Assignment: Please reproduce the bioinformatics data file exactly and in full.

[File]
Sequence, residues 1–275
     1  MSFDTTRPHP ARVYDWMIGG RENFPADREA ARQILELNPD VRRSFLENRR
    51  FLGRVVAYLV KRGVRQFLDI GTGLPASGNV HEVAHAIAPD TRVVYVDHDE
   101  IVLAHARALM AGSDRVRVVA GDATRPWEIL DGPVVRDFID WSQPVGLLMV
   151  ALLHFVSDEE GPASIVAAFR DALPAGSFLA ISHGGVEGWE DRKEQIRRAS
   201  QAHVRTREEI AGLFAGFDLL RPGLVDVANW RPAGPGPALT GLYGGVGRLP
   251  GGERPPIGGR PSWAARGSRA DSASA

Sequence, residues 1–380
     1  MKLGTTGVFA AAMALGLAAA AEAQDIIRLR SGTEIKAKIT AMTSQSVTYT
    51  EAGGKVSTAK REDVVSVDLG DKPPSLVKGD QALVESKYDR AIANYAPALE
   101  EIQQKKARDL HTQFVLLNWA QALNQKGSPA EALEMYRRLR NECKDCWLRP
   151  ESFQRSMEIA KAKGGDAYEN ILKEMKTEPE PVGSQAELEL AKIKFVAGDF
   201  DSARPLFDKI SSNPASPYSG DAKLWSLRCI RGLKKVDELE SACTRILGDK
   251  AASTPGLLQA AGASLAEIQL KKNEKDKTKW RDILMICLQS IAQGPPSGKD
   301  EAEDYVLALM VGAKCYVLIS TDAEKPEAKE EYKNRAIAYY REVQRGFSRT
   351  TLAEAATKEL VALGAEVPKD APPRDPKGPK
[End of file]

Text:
Sequence, residues 1–275
     1  MSFDTTRPHP ARVYDWMIGG RENFPADREA ARQILELNPD VRRSFLENRR
    51  FLGRVVAYLV KRGVRQFLDI GTGLPASGNV HEVAHAIAPD TRVVYVDHDE
   101  IVLAHARALM AGSDRVRVVA GDATRPWEIL DGPVVRDFID WSQPVGLLMV
   151  ALLHFVSDEE GPASIVAAFR DALPAGSFLA ISHGGVEGWE DRKEQIRRAS
   201  QAHVRTREEI AGLFAGFDLL RPGLVDVANW RPAGPGPALT GLYGGVGRLP
   251  GGERPPIGGR PSWAARGSRA DSASA

Sequence, residues 1–380
     1  MKLGTTGVFA AAMALGLAAA AEAQDIIRLR SGTEIKAKIT AMTSQSVTYT
    51  EAGGKVSTAK REDVVSVDLG DKPPSLVKGD QALVESKYDR AIANYAPALE
   101  EIQQKKARDL HTQFVLLNWA QALNQKGSPA EALEMYRRLR NECKDCWLRP
   151  ESFQRSMEIA KAKGGDAYEN ILKEMKTEPE PVGSQAELEL AKIKFVAGDF
   201  DSARPLFDKI SSNPASPYSG DAKLWSLRCI RGLKKVDELE SACTRILGDK
   251  AASTPGLLQA AGASLAEIQL KKNEKDKTKW RDILMICLQS IAQGPPSGKD
   301  EAEDYVLALM VGAKCYVLIS TDAEKPEAKE EYKNRAIAYY REVQRGFSRT
   351  TLAEAATKEL VALGAEVPKD APPRDPKGPK